Neither of these persons has the Sako Factory records which the Club possess and researches on behalf of its members.
     
    deergoose likes this.
  6. Lars Pyykkønen

    Lars Pyykkønen Active Member

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    OK. I don't want to ruffle any feathers; however, I now have concerns. I am getting ready to send one of my VL63's to Custom Shop Inc. in Hamilton, Mt. The old .308 has seen better days. I was going to have a new stock built and have them blue it. I talked to a guy named Louie. He said no one in the county works on more Sakos then they do. He said he has made over a dozen stocks for VL63's. He won't just send me a stock. He needs the gun to fit it. The work on there web site looks gorgeous. I'm not looking for anyone to bash them. Should I have concerns about sending the VL63 to them?
     
  7. paulsonconstruction

    paulsonconstruction Sako-addicted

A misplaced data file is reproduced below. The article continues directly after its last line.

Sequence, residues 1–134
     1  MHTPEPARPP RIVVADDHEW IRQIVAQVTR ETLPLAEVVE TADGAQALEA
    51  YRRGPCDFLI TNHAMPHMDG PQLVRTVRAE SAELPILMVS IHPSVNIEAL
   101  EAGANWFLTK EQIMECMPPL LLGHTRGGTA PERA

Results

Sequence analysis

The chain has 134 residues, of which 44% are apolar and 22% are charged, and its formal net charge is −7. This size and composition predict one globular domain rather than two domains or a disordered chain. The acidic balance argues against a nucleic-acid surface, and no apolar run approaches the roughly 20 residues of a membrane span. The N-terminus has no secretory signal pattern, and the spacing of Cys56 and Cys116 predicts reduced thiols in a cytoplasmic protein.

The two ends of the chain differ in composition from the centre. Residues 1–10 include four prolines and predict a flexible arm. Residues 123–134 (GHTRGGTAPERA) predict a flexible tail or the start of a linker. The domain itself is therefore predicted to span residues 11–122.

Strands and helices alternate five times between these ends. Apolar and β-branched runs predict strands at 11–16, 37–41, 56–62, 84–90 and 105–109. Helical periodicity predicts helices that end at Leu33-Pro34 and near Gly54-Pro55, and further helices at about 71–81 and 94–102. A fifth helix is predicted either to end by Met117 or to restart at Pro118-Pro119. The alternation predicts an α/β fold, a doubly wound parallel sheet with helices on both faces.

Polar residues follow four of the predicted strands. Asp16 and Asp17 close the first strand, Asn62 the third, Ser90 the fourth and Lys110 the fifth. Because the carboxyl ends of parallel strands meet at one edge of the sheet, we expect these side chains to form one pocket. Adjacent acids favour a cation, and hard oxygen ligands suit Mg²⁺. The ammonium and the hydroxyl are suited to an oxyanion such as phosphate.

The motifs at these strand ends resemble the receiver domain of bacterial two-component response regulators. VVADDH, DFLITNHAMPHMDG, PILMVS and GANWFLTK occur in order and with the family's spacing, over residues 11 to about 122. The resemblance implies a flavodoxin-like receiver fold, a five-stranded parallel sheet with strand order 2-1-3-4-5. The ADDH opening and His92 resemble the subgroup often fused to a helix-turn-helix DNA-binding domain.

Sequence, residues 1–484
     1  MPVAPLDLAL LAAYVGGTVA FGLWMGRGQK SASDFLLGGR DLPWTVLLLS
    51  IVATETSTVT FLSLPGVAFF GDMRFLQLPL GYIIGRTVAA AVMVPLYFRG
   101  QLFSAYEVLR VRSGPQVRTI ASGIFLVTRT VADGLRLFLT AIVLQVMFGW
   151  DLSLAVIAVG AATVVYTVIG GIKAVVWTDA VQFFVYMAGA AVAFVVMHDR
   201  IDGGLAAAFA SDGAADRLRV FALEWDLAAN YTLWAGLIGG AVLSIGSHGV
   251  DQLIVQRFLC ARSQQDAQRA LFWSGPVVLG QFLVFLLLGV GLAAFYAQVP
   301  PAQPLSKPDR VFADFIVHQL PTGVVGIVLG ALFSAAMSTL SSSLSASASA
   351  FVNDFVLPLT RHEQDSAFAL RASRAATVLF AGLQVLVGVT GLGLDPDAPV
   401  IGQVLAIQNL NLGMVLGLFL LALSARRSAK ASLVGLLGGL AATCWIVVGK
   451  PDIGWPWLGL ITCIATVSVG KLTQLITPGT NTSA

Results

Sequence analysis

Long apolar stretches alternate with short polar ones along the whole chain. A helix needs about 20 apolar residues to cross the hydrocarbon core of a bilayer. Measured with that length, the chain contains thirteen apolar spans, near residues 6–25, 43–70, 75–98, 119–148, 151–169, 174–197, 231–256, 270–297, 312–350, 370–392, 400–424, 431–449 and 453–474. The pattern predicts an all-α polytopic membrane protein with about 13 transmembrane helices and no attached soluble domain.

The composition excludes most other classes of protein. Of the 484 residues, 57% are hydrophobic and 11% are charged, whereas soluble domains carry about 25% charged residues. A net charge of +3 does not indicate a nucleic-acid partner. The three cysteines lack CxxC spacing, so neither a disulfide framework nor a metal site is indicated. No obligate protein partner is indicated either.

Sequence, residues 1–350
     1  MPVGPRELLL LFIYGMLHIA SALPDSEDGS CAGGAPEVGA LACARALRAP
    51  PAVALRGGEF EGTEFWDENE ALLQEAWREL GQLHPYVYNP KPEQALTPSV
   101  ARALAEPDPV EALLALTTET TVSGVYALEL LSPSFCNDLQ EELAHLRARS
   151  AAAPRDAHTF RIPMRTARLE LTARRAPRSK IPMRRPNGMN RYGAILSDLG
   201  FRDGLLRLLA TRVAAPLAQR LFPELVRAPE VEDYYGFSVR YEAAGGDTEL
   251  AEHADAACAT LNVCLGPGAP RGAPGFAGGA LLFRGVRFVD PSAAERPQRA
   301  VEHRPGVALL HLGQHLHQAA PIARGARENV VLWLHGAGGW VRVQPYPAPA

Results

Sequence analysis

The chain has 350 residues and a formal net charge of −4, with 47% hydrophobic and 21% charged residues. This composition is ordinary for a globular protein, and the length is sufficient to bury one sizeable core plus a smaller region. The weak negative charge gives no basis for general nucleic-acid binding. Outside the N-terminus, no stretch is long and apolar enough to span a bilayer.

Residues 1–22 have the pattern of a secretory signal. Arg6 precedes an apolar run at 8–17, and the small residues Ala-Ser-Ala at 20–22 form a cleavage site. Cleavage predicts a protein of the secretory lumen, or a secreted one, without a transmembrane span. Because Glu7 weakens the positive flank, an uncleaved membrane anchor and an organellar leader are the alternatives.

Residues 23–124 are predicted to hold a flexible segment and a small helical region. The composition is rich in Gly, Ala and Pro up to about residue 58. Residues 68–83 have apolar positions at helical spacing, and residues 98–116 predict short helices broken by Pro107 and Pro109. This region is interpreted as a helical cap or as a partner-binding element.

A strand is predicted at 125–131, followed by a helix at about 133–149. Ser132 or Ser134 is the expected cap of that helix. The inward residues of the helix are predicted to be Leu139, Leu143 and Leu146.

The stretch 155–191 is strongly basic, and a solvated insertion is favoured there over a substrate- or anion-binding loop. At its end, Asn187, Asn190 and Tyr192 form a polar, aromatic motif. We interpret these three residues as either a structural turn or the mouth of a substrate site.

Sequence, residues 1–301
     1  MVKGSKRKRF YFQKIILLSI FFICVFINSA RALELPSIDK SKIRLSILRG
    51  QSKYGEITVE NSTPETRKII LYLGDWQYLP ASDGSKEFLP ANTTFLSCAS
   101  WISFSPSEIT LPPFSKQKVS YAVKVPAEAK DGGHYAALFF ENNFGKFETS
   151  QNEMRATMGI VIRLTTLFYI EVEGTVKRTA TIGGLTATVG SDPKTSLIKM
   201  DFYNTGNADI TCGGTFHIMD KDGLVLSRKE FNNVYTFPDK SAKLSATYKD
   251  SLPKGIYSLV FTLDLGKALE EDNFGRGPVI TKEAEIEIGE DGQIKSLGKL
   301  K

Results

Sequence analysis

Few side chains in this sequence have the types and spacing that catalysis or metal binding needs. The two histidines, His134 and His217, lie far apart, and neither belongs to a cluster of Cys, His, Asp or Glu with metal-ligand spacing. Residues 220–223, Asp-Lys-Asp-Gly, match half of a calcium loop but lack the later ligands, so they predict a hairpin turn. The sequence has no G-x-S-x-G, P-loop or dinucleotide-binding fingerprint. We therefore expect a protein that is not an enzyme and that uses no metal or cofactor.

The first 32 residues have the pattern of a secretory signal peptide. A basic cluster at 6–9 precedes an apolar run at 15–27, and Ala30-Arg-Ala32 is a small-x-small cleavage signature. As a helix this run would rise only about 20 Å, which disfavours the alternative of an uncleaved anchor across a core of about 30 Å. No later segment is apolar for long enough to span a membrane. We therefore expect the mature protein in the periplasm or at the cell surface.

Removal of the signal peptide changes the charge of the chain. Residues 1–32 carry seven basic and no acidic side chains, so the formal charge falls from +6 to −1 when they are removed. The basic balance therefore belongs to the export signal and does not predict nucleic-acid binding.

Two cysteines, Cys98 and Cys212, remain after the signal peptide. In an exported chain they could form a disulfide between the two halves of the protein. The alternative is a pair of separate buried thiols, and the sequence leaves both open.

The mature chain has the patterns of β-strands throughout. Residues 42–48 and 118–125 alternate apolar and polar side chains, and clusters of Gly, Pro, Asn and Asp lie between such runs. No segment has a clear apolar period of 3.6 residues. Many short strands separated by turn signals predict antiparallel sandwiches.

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    The Custom Shop in Hamilton, MT (not to be confused with Mike's Custom Shop in the same town) has a dubious reputation when it comes to misrepresenting rifles he is trying to sell as "original". He parses his words enough where it's not easy to accuse him of out & out lying, but that's what he is doing. Remember Bill Clinton?? However, the stock smith he has doing his stocks is very talented & the work is very tastefully done. As long as one doesn't try to deceive a potential buyer about the stocks "originality" I don't see anything wrong in having a beautiful custom stock put on your Finnwolf. It's your rifle & your money so do what pleases you. Louie is quite a slick talker & I personally wouldn't do business with him, but that's just me. Have you considered having your original stock professionally refinished? If not and you have a new stock made, you won't have any trouble selling the original.